Predictions for 2022: The Year that Mobilizes Everything
From warehouses to dining services, businesses will break free from the chains that bind
It’s that time of year when we hear from all the prognosticators and pundits about what’s in store for the new year. A theme that has dominated much of the coverage is the coming machine revolution. From robotic processes in warehouses to automated cooking robots, it’s been said that 2022 will see a rise in automation and robots. In fact, according to Forrester, “thirty-five percent of service companies will introduce physical robot workers.”
While this may be true in some industries, the human worker is very much alive and well in industrial markets such as e-commerce fulfillment, warehousing and even in food services. In fact, according to consulting firm, ResearchAndMarkets, 80 percent of warehouses today have no automation and traditionally the food services industry has been slow to automate.
Yet, while automation may not replace workers in these industries, what will be true, however, is that how humans go about their business will drastically change. Just as COVID-19 disrupted the traditional office model, other industries also are redefining traditional models of operations. They too are realizing that project management doesn’t have to happen within the confines of a dingy office above the plant-floor; or that printing barcodes can only take place at a fixed printer station. Food services providers also are reconsidering where food is prepared and delivered – maybe it doesn’t have to happen within a cavernous and crowded building.
2022 will become the year when industries break free from the chains of stationary desks, printers and sweltering-hot kitchens and smelly dining halls. They’ll increasingly come to rely on advanced power-based rolling workstations that provide them with all of the tools of their trade, at the point of task.
What’s driving this new model of work? Consider the following:
Worker shortages see no signs of stopping.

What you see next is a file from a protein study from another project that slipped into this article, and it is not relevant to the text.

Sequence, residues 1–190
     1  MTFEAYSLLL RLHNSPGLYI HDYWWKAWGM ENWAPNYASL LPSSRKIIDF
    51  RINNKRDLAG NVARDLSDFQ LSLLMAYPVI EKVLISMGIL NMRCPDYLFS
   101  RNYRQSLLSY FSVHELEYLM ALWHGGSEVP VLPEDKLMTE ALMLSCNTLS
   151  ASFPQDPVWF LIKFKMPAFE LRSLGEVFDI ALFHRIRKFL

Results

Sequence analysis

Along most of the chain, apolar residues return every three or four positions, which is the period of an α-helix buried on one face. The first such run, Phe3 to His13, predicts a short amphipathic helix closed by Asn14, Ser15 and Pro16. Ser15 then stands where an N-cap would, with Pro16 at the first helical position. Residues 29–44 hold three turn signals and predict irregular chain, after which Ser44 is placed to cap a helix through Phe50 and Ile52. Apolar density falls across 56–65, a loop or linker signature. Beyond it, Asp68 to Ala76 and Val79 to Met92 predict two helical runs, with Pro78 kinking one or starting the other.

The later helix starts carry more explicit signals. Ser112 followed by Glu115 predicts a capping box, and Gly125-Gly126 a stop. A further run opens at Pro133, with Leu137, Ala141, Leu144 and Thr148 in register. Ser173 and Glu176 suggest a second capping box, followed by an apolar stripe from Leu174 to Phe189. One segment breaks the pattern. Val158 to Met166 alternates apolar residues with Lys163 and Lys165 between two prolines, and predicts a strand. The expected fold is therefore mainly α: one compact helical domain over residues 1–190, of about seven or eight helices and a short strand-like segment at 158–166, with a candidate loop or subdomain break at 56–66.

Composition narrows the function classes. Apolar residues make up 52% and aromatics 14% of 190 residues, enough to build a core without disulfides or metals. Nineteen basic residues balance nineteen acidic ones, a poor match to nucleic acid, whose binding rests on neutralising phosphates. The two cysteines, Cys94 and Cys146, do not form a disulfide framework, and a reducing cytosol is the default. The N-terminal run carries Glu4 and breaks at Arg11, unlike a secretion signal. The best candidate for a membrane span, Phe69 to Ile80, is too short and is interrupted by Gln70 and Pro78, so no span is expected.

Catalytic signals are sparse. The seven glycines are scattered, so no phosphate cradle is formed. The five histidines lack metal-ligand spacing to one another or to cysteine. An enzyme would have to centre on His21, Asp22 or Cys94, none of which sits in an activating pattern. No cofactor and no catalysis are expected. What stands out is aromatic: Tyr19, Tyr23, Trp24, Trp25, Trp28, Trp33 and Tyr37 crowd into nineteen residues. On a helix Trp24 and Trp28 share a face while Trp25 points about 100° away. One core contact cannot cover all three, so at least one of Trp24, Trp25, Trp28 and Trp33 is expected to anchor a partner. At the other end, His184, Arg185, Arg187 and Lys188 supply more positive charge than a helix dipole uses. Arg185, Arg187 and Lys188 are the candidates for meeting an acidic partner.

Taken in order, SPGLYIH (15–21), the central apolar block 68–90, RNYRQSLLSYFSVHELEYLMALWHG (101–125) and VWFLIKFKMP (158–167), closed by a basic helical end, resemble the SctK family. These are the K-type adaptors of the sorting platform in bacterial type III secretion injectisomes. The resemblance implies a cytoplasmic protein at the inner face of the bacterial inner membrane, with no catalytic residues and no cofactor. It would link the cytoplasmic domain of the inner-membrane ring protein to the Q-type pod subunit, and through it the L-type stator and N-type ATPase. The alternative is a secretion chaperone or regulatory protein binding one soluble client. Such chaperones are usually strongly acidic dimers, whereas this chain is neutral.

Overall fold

While robots won’t be replacing humans anytime soon, in some ways, it’s too bad they can’t. Many are predicting that the worker shortage will continue in 2022, disrupting supply chains and forcing existing workers to take on more work than ever.
In order to address this, industrial markets are focusing on improving the employee experience, making worksites safer and more productive. They’re also finding ways to reduce steps and motion fatigue is a clear way to do more with less people, while also ensuring happier workers. From recent time-motion studies we’ve done with a client, we found that it could save 30 man hours a day for each person, simply by reworking work flow and reducing steps in a distribution center.
In a food services industry where restaurants are reducing their hours or even closing because of a lack of workers, many food service providers are getting creative. They’re offering more self-service options that require less workers, and boosting the experience of workers, by bringing them out of the kitchen or dining hall. To do this, they’re reconfiguring dining settings, bringing food and beverages to diners via mobile powered cooking stations outdoors.
Integrated ecosystems increase.
As more computing and electronic devices are added to workplaces, the need for greater integration is increasing and require more seamless interchangeability.